American fencer Muhammad asked to remove hijab at event in Texas

 

Organisers of the South by Southwest (SXSW) Interactive festival have caused controversy after American fencer Ibtihaj Muhammad was asked to remove her religious headwear while trying to collect her photo identification at the event in Austin, Texas.

Muhammad is set to become the first athlete to wear a hijab at the Olympic Games as she qualified for the fencing competition at Rio 2016 at the Fencing World Cup event in Athens in January.

The 30-year-old, part of the American team which won team sabre gold at the World Fencing Championships in Kazan in 2014, was reportedly asked to take off her hijab, a headscarf worn by Muslim women, by a volunteer at the festival.

This came despite Muhammad, who was a speaker at the event, attempting to explain the significance of the garment.

“I was just asked to remove my hijab at SXSW Registration for my ID badge,” she tweeted.

“I can’t make this stuff up.”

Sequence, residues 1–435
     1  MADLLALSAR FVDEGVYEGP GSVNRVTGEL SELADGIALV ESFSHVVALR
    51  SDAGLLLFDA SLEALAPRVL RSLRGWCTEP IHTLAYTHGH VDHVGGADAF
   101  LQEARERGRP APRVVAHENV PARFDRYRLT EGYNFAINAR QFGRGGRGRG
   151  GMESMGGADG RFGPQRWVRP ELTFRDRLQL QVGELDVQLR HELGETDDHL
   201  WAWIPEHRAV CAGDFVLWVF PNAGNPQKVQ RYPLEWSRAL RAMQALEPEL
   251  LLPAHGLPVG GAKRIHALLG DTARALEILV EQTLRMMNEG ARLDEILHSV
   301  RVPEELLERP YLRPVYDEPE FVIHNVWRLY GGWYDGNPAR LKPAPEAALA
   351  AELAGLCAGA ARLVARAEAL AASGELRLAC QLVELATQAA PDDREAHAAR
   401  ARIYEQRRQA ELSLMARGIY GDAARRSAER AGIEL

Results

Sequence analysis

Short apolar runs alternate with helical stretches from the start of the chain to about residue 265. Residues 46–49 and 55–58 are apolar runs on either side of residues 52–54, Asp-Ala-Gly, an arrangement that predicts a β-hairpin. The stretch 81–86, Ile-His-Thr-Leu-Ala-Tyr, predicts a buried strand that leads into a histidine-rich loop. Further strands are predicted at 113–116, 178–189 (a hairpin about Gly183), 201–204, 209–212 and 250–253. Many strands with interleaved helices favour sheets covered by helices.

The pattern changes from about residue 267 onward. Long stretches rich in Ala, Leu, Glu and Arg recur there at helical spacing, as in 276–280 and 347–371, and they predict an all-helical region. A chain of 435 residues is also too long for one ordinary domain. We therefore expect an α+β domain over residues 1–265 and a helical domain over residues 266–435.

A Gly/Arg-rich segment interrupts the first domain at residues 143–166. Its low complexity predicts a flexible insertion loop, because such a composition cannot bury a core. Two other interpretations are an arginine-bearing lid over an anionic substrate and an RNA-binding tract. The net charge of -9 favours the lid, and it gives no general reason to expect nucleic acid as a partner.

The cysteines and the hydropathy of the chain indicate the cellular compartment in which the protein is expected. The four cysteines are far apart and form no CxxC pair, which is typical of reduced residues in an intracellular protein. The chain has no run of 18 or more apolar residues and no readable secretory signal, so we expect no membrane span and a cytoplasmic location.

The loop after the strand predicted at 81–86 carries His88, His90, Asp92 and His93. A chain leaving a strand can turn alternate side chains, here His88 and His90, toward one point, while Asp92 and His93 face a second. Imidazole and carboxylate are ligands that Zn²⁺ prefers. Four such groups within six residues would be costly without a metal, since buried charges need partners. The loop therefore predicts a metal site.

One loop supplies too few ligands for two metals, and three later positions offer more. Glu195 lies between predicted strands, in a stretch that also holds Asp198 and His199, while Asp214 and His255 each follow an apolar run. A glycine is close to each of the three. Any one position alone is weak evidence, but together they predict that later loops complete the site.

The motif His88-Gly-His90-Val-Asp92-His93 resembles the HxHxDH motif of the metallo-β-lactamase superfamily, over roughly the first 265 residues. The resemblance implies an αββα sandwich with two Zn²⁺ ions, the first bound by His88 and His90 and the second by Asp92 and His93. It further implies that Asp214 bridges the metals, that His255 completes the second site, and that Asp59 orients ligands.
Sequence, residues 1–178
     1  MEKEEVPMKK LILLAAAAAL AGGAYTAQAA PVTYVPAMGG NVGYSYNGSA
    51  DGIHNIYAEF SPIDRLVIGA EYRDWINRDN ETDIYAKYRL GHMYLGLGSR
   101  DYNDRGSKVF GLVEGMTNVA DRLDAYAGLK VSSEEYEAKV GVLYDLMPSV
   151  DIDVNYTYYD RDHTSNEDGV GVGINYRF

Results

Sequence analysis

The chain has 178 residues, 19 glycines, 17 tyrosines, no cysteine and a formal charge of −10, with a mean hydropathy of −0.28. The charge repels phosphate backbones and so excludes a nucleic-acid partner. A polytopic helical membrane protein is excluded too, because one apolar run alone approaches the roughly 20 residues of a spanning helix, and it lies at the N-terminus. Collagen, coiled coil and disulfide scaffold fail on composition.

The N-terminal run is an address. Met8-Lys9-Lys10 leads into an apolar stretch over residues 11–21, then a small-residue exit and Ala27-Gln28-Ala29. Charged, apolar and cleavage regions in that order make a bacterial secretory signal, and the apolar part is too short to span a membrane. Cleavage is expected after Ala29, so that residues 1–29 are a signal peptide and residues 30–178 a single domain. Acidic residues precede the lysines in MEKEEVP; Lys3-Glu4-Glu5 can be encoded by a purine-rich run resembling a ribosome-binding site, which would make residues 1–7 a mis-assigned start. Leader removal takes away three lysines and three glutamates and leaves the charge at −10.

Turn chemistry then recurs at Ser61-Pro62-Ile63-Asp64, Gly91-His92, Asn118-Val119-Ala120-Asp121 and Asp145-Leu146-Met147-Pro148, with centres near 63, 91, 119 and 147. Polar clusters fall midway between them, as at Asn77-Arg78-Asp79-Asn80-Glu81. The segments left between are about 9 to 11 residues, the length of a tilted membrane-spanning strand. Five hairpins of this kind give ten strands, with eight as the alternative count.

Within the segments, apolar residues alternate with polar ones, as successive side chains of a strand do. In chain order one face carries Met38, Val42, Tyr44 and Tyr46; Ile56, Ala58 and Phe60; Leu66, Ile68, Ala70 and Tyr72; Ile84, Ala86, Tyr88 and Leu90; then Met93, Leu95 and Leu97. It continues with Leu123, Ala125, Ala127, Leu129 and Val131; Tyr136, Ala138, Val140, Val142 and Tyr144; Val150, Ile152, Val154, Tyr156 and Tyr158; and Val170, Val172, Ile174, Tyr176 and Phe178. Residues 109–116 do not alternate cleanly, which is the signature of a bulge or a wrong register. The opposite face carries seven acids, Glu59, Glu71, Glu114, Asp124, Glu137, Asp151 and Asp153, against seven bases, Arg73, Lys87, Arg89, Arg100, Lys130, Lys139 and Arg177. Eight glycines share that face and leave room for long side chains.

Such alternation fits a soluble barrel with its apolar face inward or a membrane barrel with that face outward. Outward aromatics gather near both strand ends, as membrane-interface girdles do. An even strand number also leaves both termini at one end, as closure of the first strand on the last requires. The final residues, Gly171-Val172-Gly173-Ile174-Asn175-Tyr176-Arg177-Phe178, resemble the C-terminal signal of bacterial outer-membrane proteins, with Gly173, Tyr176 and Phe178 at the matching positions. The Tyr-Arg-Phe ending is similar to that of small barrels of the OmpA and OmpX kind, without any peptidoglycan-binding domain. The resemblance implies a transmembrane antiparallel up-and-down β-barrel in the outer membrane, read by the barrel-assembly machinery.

Muhammad was then given the wrong identification badge to enter the event, causing further embarrassment for the four-time World Championships bronze medallist.

She was eventually allowed in to the event wearing her hijab.

“Someone asking me to remove my hijab isn’t out of the norm for me,” she said during her speaking session.

“Do I hope it changes soon?

“Yes, every day.”

A spokesperson for the 2016 SXSW Interactive event, which began on March 11 and concludes today and attracts participants from across the United States, confirmed in a statement to theChicago Tribune that the volunteer in question had been relieved of her duties for the duration of the festival.

“It is not our policy that a hijab or any religious head covering be removed in order to pick up a SXSW badge,” the statement read.

“This was one volunteer who made an insensitive request and that person has been removed for the duration of the event.

“We are embarrassed by this and have apologized to Ibtihaj in person, and sincerely regret this incident.”

  • By Liam Morgan
  • Republished with permission insidethegames.biz
 

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